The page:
I don’t agree. I can’t think of anything that would convince the house of little old ladies to seek out gainful employment. Just as important, I can’t imagine what kind of jobs these pleasant but forgetful people who suffer ailments common to their age are qualified to perform. 

At the same time, I’m not about to push my kids out into the world a minute sooner than they have to be. I know they count as part of the labor force when they take part-time jobs to earn a little cash, but outside of those times, they drag down the labor force participation rate.

When the financial crisis drove up unemployment, many people went to college or back to college to gain skills that would help them compete in the jobs market. College enrollment jumped by 2.4 million people from 2008 through 2014.

While young and old students alike were considering what courses to take, the boomers had their eyes on the retirement door, also bringing the labor rate down. The number of people over 65 — the age by which point over 70% of people retire — increased by 5.5 million from 2008 through 2014. That number will continue to rise for at least another decade.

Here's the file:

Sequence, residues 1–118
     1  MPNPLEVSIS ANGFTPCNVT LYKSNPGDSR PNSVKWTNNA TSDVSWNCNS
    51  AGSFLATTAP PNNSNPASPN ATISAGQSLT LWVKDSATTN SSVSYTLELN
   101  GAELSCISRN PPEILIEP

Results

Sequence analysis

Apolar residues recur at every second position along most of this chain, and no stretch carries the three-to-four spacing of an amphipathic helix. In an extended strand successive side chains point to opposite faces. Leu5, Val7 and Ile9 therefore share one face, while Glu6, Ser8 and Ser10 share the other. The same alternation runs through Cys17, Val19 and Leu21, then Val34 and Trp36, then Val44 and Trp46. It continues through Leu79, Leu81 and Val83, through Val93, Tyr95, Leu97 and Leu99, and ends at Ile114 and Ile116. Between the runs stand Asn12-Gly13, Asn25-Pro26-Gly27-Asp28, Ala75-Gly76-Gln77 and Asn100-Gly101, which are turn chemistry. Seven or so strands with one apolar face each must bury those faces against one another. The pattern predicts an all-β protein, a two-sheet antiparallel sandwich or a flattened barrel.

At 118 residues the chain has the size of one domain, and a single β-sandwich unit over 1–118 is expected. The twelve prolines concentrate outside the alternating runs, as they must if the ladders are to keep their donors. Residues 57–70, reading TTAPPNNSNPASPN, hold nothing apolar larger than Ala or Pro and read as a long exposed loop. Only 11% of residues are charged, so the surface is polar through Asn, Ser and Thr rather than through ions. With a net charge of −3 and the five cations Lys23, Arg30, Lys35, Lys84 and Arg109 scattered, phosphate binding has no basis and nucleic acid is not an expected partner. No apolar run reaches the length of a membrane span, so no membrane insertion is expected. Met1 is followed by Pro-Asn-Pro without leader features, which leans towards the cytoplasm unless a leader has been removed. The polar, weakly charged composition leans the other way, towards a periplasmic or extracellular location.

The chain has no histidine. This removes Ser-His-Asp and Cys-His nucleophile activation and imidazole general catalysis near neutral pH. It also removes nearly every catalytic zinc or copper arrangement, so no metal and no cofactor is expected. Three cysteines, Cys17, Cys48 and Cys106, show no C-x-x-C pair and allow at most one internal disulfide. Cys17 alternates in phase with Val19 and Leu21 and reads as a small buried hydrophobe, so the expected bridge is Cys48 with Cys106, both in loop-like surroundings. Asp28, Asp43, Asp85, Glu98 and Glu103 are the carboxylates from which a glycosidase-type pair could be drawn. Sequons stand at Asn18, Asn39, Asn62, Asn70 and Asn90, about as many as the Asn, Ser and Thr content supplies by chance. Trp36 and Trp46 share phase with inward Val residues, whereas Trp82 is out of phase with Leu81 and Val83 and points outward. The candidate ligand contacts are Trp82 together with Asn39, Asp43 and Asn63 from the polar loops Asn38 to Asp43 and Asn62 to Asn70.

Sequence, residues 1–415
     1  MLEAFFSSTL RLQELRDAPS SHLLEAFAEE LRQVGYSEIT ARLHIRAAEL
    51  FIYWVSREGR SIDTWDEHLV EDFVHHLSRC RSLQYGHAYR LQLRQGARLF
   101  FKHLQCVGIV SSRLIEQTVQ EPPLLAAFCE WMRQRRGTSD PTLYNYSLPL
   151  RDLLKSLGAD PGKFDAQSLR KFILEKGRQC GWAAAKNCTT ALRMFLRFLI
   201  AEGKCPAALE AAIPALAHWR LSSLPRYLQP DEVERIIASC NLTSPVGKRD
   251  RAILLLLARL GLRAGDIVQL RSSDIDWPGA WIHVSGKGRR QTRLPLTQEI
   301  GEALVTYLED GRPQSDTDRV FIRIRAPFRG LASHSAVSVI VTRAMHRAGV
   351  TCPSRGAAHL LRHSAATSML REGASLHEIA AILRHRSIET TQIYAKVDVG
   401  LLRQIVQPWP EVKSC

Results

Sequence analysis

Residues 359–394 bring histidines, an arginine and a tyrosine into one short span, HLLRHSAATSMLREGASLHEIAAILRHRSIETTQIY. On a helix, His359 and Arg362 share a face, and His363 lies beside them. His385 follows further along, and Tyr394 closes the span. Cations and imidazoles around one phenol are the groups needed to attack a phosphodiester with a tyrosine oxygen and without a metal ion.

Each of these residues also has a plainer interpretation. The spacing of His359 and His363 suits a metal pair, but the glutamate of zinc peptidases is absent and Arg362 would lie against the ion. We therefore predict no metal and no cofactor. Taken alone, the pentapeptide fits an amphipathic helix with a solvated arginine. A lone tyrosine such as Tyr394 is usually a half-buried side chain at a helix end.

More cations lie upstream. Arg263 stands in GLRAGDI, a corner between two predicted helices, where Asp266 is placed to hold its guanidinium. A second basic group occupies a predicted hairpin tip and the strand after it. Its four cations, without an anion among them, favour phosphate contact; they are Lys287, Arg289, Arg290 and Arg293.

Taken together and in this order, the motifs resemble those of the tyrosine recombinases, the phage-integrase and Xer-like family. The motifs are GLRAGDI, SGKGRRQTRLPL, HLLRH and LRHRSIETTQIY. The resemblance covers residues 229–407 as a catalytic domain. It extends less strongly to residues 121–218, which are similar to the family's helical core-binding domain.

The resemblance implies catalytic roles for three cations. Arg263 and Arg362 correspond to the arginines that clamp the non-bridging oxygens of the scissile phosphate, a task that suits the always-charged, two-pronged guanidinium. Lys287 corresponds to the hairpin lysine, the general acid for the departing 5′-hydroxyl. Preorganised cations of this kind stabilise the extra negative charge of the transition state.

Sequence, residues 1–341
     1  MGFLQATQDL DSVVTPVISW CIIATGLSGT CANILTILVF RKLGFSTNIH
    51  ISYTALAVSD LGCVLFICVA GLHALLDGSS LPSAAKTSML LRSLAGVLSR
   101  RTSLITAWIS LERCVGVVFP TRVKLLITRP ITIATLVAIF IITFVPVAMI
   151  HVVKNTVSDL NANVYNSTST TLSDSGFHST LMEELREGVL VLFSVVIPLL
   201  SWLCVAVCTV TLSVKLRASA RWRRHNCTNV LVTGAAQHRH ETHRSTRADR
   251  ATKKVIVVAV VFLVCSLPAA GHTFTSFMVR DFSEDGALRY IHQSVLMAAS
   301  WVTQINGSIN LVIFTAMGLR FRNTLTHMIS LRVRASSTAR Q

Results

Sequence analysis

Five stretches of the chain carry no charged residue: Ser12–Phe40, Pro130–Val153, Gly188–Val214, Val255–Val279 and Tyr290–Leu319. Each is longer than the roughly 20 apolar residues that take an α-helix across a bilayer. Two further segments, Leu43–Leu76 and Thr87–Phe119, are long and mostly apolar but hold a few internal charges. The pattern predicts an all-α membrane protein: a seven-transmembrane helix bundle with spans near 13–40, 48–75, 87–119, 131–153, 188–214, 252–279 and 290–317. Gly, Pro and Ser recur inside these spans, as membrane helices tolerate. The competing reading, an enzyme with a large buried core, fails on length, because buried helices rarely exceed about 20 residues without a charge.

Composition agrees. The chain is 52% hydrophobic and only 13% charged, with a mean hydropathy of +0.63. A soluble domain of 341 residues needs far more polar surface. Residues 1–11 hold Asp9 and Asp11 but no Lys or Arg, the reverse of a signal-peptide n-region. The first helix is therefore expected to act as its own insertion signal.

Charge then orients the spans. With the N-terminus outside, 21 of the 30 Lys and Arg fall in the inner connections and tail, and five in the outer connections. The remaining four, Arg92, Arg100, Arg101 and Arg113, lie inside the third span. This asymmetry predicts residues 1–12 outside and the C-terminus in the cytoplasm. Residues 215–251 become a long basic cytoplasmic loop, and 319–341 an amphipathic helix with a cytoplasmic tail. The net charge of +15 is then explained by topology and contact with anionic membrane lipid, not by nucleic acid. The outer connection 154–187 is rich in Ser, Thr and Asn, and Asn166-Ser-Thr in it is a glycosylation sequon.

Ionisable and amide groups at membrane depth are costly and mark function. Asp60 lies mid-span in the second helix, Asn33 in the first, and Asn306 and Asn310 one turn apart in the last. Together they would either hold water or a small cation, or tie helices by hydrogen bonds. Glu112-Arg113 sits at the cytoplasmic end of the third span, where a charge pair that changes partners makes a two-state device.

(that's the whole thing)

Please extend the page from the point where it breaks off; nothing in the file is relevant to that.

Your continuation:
For all the worry, the shrinking labor force participation rate doesn’t signal a catastrophe in the labor market. We can attribute most of the change to rising college attendance and the swelling ranks of retirees — both are natural and inevitable.

The good news is that the college kids will eventually join the labor force. The ones who graduate will likely be even more productive than they would have been without degrees, and earn more than their high school educated peers.